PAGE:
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A class $W$ of weak equivalences in a category $C$ is said to admit a calculus of fractions if it satisfies some axioms ensuring that its localization $C[W^{-1}]$ can be constructed in a particularly simple way using ‘one-step generalized morphisms.’ These axioms are a categorical analogue of the notion of a multiplicative system at which one can localize a ring.
Since composition in a category is generally non-commutative, we distinguish ‘left’ and ‘right’ calculi of fractions, just as for localization of non-commutative rings. In either case $C[W^{-1}]$ is referred to as a category of fractions, since its morphisms are two-step zigzags (either $\overset{f}{\to} \overset{w}{\leftarrow}$ or $\overset{w}{\leftarrow} \overset{f}{\to}$, depending on the handedness of the calculus) in which $w\in W$, which we can think of as ‘fractions’ $w^{-1} f$ or $f w^{-1}$. One sometimes also says that $(C,W)$ ‘admits a category of fractions.’
A pair $(C,W)$ of a category $C$ and a class of morphisms $W$ is said to admit a calculus of right fractions if the following properties hold.
commutes.
One may also say that $W$ is a right Ore system in $C$ (although this is potentially confusing since the Ore condition is only part of the definition), or that $(C,W)$ admits a category of right fractions. If $(C^{op}, W^{op})$ admits a calculus of right fractions, we say that $(C,W)$ admits a calculus of left fractions. Unfortunately there is no uniformity regarding the choice of ‘left’ versus ‘right;’ some authors use ‘left’ where we use ‘right’ and vice versa.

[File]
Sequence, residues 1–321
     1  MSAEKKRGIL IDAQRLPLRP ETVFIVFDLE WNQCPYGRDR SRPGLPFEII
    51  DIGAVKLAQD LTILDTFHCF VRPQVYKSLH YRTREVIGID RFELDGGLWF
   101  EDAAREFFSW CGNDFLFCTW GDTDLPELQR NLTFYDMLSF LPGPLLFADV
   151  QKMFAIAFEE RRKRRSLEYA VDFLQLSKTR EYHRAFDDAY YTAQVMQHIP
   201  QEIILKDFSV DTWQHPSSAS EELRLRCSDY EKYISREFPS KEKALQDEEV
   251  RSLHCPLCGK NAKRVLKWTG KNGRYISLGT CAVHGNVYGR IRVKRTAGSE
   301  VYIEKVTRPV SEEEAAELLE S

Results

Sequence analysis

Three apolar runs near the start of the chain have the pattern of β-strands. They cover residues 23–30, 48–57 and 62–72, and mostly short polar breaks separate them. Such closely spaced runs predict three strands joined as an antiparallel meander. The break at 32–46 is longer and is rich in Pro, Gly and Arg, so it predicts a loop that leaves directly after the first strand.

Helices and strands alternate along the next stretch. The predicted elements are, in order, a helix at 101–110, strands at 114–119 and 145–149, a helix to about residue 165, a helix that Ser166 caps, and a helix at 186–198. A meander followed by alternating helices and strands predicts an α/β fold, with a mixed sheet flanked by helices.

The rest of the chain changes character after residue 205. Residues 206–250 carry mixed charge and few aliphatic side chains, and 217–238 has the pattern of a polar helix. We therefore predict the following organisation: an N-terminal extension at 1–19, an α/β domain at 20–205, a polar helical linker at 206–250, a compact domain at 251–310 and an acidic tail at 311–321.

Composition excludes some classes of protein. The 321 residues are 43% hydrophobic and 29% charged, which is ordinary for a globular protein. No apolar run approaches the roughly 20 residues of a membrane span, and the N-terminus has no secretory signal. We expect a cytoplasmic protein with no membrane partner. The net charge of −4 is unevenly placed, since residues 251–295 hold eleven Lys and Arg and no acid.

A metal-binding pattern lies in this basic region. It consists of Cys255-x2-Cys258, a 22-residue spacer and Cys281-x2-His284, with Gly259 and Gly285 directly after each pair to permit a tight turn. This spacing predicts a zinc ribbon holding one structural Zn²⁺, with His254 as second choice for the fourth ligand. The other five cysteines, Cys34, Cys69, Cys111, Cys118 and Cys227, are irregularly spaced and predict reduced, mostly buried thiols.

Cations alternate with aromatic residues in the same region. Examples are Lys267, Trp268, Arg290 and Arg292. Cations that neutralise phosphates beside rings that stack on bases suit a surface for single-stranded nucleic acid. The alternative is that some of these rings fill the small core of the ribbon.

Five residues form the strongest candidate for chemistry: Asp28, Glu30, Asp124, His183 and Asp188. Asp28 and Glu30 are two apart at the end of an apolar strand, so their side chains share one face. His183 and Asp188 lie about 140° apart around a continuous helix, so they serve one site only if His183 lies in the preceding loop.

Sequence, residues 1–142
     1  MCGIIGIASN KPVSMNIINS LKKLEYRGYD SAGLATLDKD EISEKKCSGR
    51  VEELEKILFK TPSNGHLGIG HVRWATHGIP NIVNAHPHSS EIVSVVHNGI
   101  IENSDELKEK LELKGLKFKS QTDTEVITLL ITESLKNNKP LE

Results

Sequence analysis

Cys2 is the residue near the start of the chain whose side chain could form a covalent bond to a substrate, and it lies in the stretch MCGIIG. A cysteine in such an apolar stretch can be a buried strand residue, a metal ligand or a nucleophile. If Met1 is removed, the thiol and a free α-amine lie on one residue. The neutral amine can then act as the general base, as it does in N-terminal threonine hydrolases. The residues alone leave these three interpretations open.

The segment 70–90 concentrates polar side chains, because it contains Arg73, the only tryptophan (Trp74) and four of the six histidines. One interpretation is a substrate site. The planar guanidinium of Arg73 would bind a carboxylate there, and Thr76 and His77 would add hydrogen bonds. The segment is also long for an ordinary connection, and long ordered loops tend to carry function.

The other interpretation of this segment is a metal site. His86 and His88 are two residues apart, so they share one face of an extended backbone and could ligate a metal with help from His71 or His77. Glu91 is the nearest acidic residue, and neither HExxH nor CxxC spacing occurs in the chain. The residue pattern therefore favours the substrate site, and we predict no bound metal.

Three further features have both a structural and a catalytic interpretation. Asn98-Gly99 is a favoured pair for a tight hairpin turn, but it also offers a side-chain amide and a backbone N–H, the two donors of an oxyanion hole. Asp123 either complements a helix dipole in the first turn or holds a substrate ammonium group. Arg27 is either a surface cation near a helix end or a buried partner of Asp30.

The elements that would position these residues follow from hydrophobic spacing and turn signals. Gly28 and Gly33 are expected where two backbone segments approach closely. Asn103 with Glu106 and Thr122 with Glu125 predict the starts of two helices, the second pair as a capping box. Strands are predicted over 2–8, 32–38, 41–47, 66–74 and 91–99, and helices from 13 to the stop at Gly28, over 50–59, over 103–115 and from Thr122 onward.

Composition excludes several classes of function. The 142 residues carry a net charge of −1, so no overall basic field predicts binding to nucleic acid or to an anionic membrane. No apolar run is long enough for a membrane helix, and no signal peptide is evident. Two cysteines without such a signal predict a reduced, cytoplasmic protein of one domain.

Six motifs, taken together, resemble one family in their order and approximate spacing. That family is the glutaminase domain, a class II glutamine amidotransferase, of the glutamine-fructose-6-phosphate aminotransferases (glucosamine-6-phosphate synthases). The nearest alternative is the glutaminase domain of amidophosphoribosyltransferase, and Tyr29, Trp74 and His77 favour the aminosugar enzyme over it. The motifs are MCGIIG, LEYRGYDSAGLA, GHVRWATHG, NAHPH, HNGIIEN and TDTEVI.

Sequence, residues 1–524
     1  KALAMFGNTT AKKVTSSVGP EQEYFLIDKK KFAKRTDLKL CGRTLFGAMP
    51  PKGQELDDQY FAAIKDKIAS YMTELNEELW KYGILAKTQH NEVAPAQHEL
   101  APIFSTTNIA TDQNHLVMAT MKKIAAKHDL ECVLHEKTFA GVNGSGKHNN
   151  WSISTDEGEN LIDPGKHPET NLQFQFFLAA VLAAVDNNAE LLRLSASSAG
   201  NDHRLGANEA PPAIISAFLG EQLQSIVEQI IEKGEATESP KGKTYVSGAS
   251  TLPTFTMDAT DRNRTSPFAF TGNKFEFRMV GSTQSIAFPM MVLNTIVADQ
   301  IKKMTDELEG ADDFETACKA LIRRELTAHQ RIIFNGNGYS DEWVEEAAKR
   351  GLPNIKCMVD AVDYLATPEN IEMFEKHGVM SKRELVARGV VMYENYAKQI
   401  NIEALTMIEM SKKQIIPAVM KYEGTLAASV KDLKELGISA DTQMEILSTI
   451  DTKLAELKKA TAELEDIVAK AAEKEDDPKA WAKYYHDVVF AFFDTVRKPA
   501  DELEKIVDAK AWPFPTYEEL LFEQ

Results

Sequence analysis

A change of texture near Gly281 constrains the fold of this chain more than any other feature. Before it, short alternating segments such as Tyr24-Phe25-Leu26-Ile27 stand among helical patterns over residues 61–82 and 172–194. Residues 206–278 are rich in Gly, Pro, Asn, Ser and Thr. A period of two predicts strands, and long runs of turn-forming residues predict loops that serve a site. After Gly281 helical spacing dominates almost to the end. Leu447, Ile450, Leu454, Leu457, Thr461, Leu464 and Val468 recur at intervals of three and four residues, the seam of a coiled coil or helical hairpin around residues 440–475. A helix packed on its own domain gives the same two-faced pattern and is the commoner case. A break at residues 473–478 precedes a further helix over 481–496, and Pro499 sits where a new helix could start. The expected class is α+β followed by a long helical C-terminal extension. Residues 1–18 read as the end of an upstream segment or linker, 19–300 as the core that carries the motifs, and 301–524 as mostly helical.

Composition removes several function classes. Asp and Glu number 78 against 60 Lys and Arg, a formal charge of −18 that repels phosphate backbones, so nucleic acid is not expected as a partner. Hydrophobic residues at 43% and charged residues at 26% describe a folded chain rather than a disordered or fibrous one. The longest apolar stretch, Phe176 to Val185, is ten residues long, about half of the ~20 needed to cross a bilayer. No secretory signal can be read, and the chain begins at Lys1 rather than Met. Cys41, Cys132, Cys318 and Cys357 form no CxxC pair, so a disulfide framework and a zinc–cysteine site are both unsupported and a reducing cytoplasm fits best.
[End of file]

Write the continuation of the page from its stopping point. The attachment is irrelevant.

It is common to assume additional closure conditions on $W$ which make no difference to the localization. For example, one often assumes that $W$ contains all isomorphisms in $C$. One can also assume the 2-out-of-3 property (so that $(C,W)$ is a category with weak equivalences) or the stronger 2-out-of-6 property (so that $(C,W)$ is a homotopical category). Note that the 2-out-of-3 property includes closure under composition, and the 2-out-of-6 property together with containment of all identities implies containment of all isomorphisms.
In the presence of either sort of calculus of fractions, the 2-out-of-6 property is equivalent to saturation of $W$, i.e. that any morphism in $C$ which becomes an isomorphism in $C[W^{-1}]$ is already in $W$. Therefore, in this case we may equivalently call $(C,W)$ saturated. See 2-out-of-6 property for a proof, taken from 7.1.20 of Categories and Sheaves (where a pair $(C,W)$ admitting a calculus of left fractions is called a right multiplicative system).
Suppose that $(C,W)$ admits a calculus of right fractions. Then the localization of $C$ at $W$ can be realized by taking the same objects as in $C$ and the hom-set $C[W^{-1}](a,b)$ to be the set of equivalence classes of spans whose left leg is in $W$, under the equivalence relation where $a\stackrel{v}\leftarrow a'\stackrel{f}\rightarrow b$ is equivalent to $a\stackrel{w}\leftarrow a''\stackrel{g}\rightarrow b$ iff there exists an object $\bar{a}$ and morphisms $s:\bar{a}\to a'$, $t:\bar{a}\to a''$ such that $f\circ s = g\circ t$, $v\circ s = w\circ t$, and $v\circ s = w\circ t$ is in $W$. We denote the equivalence class of $a\stackrel{v}\leftarrow a'\stackrel{f}\rightarrow b$ by $f\circ v^{-1}$.